The few Fidesz-supporters and Orbán-fans in Europe admit that there are problems with the rule of law in Hungary, but – so goes the argument – Orbán and Fidesz have been elected and re-elected by the Hungarian people. This sounds like a point, but it is also worth reading the election observation report by OSCE/ODIHR. It is written in a diplomatic language, but it is abundantly clear about the facts. The report describes in unambiguous terms the imbalanced media-situation in Hungary, the "pervasive overlap between state and ruling party resources, undermining contestants' ability to compete on an equal basis" and the "intimidating and xenophobic rhetoric, media bias and opaque campaign financing constricting the space for genuine political debate." It explains that "access to information as well as the freedoms of the media and association have been restricted", and "the ability of contestants to compete on an equal basis was significantly compromised by the government's excessive spending on public information advertisements that amplified the ruling coalition's campaign message."
There is a long list of measures that have curbed the rule of law in Hungary. The words above are not mine but they are quotes from a most professional and most credible intergovernmental institution. The facts, circumstances, items of legislation, acts of the Executive, behaviour of the media (especially the "public media"), piece-by-piece enable us to exactly define those criteria of the rule of law that Minister Varga finds so elusive.
As it is widely known, after a long monopoly of power, Fidesz lost elections earlier this year in several municipal cities. Prime Minister Orbán offered good cooperation with newly-elected mayors representing the opposition, but the following day, he submitted a bill adumbrating several restrictions on how cities can get and how they can spend funds. I have an offer to Minister Varga. I shall agree that no provision in the Treaties of the European Union bans a prime minister to take revenge on cities that voted for another party than the PM’s party. In return, Minister Varga, could you agree that such laws punishing opposition voters are not in line with the notion of the rule of law? Or, Minister Varga, do you really think that these laws are perfectly alright?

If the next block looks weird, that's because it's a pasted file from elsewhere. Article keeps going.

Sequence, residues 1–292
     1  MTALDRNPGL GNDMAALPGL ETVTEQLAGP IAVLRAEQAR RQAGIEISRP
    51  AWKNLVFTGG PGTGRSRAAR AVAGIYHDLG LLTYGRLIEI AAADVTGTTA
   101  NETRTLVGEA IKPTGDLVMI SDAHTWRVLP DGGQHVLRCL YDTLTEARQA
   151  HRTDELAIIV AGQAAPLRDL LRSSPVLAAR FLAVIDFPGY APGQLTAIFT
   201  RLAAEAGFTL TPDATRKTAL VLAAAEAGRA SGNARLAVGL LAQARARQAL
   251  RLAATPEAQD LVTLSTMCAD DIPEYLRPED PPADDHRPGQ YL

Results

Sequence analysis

Back in Hungary, when members of the opposition offer these arguments, the government immediately accuses them of simply wanting to do the bidding of George Soros. The Brussels Empire. The foreigners. We are all “migrant-fondlers,” – a term the government-loyal media is shouting day and night. The Hungarian government would not dare argue the same ugly way in the European Council’s chambers. Instead, they try to talk themselves out of the mess by questioning the most basic principles of the EU, seeking for excuses based on a lack of objective criteria. It is still a rather weak argumentation, even if I admit that it is a progress compared to invoking George Soros.
Democrats all over Europe agree that the rule of law can, and should be, the subject of a meaningful discussion. Apart from Orbán’s Mamluks, barely anyone is complaining about the “lack of objective criteria." The Finnish presidency must be commended for pushing such dialogue. If for nothing else other than out of respect for their own voters, Mr. Orbán and Mrs. Varga should stand up to the challenge and try to come up with some arguments, instead of miserable excuses to derail the whole debate.
Only countries such as North Korea and Belarus would behave like this, and insist on their “sovereignty” rather than respecting democracy and indeed the basic rights of their own citizens. Is the fear of losing “their money” so great that they would want to risk being compared to the leaders of those regimes? A genuine discussion with EU leaders clearly seems the wiser option.
Even wiser would be starting to repair the damage Viktor Orbán and his Fidesz party have inflicted on Hungary, once a frontrunner in democratic changes, and restore the rule of law to the country he claims to love so much.
Klára Dobrev is a member and a Vice-President of the European Parliament, and a member of the S&D group representing the Democratic Coalition party in Hungary.